Yes, it's crazy. Try to avoid flights of fancy (= wasted time) in this hobby.

 

I couldn't find the specs for DSI-1 camera. Can you post them? I don't really see that the guide camera was your problem (although I'm sure the ASI120MM-mini is better). However, if the DSI-1 has no ASCOM drivers, then you should get rid of it for sure. 

 

The image in post 4 is not bad. The Orion nebula (a popular, but *extremely* tough object to do right) is both over-exposed and under-exposed. The stars look fairly decent, good eccentricity.

 

I really can't comment more till I see the log. 

 

In a previous thread I showed you how to download PhDLogView.exe which lets you create an image of your log such as:

 

attachicon.gif ExamplePhd2logview.JPG

 

In the immortal words of Jerry McGuire: Help *us* help *you*.

https://www.dropbox....171652.txt?dl=0

 

 

https://www.dropbox....231942.txt?dl=0

 

 

EDIT:  AND HERE IS A LINK RE THE DS1

 

http://www.astronomy...5_meade_dsi.pdf

Attached Thumbnails

  • phd guidelog.gif

Edited by Ballyhoo, 13 February 2019 - 02:49 PM.


#32 Ballyhoo

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Posted 13 February 2019 - 07:36 PM

so am I golden?



#33 Stelios

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Posted 13 February 2019 - 08:41 PM

Not quite--you posted the log in such a way that I can't download it, because you didn't put it in the Public folder (my fault, I should have told you that). So I could only download (cut and paste) part of it.

 

Still, it was good enough to get an idea. (The first log is useless BTW, just a failed calibration. The second log starts with a failed followed by a perfect calibration).

 

I snipped out the bad regions to get an idea of the true performance when you are *not* losing the star and causing disasters. 

 

I was able to see the full first section and about 45 mins of the second.

 

On the first section you had about a 2.39" RMS (poor, and mainly due to two *additional* spikes--walking near the mount? touching something?).

 

On the second section you (after removing the bad region) had a 1.38" RMS (probably a bit better as it *still* included a spike that I didn't bother to remove).

 

The second result is about what I was getting on my CG-5 and can produce round (if a bit bloated) stars. You can improve on it a bit more when it's not windy, seeing is good, etc. But it doesn't appear to be due to any major mount or guiding disasters (except the spikes, probably due to clouds). I think your parameters will let you average around 1.1" guiding which is less shabby than it may sound.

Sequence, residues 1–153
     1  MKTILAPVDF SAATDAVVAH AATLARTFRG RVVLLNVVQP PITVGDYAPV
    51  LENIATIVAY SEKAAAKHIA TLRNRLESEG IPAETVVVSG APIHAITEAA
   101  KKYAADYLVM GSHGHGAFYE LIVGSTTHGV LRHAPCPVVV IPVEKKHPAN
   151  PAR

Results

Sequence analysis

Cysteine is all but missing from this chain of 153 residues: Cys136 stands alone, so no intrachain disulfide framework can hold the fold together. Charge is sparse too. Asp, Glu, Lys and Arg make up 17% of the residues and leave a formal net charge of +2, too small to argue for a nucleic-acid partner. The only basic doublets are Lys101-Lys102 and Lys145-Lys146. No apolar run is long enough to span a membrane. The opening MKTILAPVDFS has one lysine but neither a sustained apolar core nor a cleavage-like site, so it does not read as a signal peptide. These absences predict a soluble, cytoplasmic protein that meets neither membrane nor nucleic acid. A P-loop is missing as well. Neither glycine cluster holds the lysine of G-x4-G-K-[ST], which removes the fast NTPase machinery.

Some comments on your parameters:

 

Exposure: You have 1ms. If you record and enable PEC, you should be able to increase that to 2 or 3". This will make you less dependent on seeing. You can also try (instead of recording/enabling PEC) to use the PPEC instead of the hysteresis algorithm. I would experiment with the following 4 combinations:

Hysteresis at 1", Hysteresis at 2", PPEC at 1", PPEC at 2", PEC (mount) at 2". However the improvements won't be drastic--you may get it down to 0.9-1" this way though.

 

RA: see above re algorithm. I assume the MinMo is from guiding assistant (seems reasonable). Hysteresis % seems reasonable and aggression as well--maybe raise to 0.8 or 0.9 because it looks like your RA doesn't quite catch up. 

 

DEC: Consider guiding in one direction (North or South, not Auto) since you've disabled backlash compensation. The logic is that you're never *perfectly* polar aligned, so you only correct in the direction of drift away from the pole--if you overshoot, you'll eventually drift back on your own. You may want to lower aggression to 90%, for smoother adjustments.

 

Play with the things I suggested *one* at a time. However, I don't think you have major guiding issues at this point. You *do* need to be careful with PA *every* time, and it would help if you used Sharpcap. Another thing you can eventually try is to measure and enable backlash compensation. Not sure it'll work well with the AVX, but it might with the iEQ45.

 

At this point you need to work on your calibration frames. And don't image when there are clouds, unless you are stuck babying the mount. 


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#34 Ballyhoo

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Posted 13 February 2019 - 09:08 PM